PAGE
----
Other features of the ground tissue can include the presence of inter-cellular spaces, sclerenchyma, collenchyma, fibre bundles, duct cavities and cell contents. These can also be used to differentiate some species from one another. For example, both Musa sp. 1 and Musa sp 2. have duct cavities three to four cells long throughout the ground tissue that separate rows of parenchymatous cells. These species also contain fibre bundles which are also common throughout Zingiber spp., Asplenium sp., Cordyline fruticosa, Epipremnum pinnatum, and

Pandanus tectorius. Regions of sclerenchyma can be observed within the pith of the fruit of

Artocarpus altilis, Pangium edule, and Piper methysticum; while collenchmya forms the pith of

Angiopteris sp. Inter-cellular spaces are present in most ground tissues; however it is absent in

Dioscorea bulbifera, Pteridium sp., Spondias dulcis, Saccharum officinarum, and Solanum tuberosum. Cell contents can include also raphides, starch granules, druses and other types of crystals. Raphides are most commonly seen in aroids, but are also noticeable in the ground tissue of Tacca leontopetaloides.

Vascular tissue morphology

The overall tissue organisation within the parenchyma of the modern specimens varies between the root and stem-derived organs, and the fruits and seeds, alongside the typical anatomical differences between Monocots and Dicots. The vascular tissues within these types of organs therefore also vary. Bundles of vascular tissues are present in stem-derived organs, where the phloem and xylem are either encircling or abutting one another. These bundles can be organised within the organ in one of three ways: 1) Dictyostele, where the bundle is formed as a chamber surrounding the pith and can be broken into segments; 2) Eustele, where bundles are arranged concentrically as either primary or secondary tissues radiating from the pith; or 3) Atactostele, where the bundles are organised seemingly haphazardly within the ground tissue of the organ.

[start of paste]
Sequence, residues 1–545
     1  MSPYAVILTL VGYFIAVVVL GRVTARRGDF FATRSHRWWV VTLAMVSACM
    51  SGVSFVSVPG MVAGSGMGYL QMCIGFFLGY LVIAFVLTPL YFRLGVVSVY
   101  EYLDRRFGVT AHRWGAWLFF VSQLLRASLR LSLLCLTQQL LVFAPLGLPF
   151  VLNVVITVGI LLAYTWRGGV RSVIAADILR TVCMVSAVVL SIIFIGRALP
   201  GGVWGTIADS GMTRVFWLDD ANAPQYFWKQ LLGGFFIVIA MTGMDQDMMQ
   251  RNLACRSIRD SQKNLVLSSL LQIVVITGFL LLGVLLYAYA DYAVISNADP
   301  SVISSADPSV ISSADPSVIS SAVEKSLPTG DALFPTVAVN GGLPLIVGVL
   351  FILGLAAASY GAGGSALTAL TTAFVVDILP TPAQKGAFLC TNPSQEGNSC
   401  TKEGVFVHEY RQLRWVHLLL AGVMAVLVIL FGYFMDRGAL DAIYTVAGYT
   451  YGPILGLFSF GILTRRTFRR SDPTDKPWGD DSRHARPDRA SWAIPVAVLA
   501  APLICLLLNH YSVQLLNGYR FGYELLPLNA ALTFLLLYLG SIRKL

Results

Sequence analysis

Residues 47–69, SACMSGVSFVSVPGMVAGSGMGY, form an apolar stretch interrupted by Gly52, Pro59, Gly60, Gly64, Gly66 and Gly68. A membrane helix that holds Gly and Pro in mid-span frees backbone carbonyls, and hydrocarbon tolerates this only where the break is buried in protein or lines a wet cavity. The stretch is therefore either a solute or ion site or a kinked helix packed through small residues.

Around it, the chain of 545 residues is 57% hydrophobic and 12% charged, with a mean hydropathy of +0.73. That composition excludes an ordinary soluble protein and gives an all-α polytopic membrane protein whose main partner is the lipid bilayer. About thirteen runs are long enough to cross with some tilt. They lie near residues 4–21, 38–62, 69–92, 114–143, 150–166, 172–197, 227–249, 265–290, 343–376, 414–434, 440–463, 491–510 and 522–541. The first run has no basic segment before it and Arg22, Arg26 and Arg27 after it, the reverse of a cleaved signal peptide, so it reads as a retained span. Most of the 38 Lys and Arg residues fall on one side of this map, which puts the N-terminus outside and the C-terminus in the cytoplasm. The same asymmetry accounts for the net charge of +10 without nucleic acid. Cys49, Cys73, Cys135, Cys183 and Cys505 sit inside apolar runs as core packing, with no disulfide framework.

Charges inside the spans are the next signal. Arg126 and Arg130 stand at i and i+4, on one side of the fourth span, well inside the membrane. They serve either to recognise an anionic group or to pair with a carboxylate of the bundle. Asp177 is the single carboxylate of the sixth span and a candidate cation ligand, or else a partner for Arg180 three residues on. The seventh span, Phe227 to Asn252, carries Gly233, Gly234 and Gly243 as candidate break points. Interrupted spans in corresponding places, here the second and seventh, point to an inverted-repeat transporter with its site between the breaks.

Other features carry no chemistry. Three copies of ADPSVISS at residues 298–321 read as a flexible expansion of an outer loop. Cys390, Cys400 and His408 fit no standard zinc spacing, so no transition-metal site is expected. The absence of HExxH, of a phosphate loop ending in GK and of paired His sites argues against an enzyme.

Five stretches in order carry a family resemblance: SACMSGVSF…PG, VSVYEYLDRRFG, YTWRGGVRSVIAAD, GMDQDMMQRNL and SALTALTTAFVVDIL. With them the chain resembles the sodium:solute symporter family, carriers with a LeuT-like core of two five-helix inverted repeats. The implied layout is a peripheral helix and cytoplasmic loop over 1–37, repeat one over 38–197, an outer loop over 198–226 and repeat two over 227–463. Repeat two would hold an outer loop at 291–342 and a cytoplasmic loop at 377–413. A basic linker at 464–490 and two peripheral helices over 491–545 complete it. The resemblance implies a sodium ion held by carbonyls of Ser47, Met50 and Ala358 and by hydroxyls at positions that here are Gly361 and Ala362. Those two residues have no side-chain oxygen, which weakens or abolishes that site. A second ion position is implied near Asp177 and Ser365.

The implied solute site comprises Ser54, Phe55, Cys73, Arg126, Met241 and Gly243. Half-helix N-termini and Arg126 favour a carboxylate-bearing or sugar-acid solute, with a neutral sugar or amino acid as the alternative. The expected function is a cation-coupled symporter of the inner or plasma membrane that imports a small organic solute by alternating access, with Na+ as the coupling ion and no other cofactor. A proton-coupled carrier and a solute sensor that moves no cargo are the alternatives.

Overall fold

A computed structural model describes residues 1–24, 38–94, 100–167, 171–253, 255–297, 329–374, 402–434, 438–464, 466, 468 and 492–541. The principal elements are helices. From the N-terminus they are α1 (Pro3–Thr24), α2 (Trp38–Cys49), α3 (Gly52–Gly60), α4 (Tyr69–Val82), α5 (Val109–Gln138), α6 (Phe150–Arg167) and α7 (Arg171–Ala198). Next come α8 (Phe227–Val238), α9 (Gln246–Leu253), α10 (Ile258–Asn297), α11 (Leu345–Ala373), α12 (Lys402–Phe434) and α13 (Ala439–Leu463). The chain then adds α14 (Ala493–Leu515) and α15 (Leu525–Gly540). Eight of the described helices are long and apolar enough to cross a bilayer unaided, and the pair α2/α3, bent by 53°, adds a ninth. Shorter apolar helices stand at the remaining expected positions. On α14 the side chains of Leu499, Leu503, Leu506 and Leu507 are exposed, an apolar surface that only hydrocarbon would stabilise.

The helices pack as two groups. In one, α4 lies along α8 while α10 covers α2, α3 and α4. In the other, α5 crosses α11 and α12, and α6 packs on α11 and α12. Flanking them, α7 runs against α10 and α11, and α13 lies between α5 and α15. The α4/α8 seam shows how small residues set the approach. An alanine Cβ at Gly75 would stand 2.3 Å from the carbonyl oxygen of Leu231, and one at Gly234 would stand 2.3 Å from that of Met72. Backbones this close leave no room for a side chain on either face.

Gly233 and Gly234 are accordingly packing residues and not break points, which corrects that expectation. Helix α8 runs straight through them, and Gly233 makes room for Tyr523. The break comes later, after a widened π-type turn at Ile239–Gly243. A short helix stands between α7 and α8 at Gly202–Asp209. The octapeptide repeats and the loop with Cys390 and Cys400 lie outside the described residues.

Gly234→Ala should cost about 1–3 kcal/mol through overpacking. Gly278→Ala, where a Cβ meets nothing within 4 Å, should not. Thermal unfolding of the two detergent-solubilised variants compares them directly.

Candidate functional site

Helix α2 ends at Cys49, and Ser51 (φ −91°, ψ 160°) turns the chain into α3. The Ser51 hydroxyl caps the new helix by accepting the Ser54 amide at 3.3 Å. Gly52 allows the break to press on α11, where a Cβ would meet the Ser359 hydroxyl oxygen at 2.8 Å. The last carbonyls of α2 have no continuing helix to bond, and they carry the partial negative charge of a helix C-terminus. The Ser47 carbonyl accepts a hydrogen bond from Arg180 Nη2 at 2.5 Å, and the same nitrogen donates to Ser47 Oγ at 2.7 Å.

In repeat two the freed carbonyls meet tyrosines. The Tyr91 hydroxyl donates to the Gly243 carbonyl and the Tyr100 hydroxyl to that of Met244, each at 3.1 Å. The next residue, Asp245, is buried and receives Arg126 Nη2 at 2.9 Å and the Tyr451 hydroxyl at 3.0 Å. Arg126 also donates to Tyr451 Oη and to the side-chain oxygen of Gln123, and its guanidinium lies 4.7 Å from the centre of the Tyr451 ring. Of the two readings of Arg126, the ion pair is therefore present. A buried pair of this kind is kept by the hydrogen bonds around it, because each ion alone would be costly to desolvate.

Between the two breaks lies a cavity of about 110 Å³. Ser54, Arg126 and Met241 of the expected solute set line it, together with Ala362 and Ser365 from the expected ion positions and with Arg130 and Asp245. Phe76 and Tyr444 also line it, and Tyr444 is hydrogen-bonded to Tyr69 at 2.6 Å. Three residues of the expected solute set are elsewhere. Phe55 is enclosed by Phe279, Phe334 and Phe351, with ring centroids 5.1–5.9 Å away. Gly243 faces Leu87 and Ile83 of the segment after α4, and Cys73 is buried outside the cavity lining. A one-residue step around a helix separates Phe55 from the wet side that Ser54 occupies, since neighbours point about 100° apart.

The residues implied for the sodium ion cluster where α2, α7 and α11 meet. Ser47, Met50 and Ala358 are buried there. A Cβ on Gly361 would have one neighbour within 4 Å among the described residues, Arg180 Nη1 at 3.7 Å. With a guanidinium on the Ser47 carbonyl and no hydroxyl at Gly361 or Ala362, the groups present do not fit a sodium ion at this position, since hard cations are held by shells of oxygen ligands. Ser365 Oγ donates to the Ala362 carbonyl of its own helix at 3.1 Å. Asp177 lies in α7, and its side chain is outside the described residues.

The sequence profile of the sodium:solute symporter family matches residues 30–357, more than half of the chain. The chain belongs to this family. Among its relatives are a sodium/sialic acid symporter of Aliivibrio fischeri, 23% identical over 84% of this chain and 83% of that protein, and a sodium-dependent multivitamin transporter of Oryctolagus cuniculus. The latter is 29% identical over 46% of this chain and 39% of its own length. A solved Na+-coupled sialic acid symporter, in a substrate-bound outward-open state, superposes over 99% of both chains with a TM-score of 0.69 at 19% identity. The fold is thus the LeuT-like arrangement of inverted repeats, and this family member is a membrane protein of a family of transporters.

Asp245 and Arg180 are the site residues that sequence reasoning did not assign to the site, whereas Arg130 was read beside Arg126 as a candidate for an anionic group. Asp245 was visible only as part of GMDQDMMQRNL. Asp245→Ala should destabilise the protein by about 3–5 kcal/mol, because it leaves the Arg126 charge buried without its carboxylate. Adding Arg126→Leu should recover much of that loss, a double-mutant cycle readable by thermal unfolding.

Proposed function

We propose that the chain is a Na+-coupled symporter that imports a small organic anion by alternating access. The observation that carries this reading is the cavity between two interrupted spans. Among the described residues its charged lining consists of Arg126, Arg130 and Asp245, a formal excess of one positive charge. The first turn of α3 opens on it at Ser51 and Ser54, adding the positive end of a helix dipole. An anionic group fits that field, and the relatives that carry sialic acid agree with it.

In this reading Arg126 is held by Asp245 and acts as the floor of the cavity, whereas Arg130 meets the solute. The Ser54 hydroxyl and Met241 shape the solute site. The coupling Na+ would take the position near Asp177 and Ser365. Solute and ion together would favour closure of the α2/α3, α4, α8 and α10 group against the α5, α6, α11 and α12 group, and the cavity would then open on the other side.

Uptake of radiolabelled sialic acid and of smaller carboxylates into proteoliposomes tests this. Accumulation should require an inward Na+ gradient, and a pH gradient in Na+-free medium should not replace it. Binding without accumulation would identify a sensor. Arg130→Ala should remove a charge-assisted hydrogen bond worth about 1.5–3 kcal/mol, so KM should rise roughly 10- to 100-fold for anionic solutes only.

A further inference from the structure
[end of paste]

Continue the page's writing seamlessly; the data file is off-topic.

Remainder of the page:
90 The arrangement of the xylem and the phloem within the bundles can also be categorised into morphological types. These include:

 Amphivasal concentric— xylem completely encircles the phloem;

 Amphivasal open ends— xylem almost completely encircles phloem apart from each end of the bundle;

 Amphivasal u-shaped-—xylem partially surrounds the phloem in a u-shape formation;

 Amphicribal concentric— phloem completely encircles the xylem;

 Amphicribal open ends— phloem almost completely encircles xylem apart from each end of the bundle;

 Amphicribal u-shaped— phloem partially surrounds the xylem in a u-shape formation

 Open collateral- bundles of phloem and xylem abut one another with a region of cambium between the two types of tissue;

 Closed collateral- bundles of phloem and xylem abut one another with no region of cambium between the two types of tissue;

 Bicollateral—bundles of phloem and xylem abut one another with a region of cambium between the two types of tissue, and another additional bundle of phloem or xylem is present below this arrangement.

Figure 5.13 Description of vascular bundle arrangements within vegetative parenchyma (from Hather 2000)

When considering the stem-derived organs such as corms, rhizomes and stem tubers, it is clear that the majority of vascular tissues are organised within an atactotstele morphology (58%, n=11). Much smaller numbers are organised within a eustele (16%, n=3), or dictyostele arrangement (26%, n=5). Those specimens that contain an atactostele arrangement of vascular tissues tend to be corms and stem tubers of Monocots, while the dictyostele arrangement is most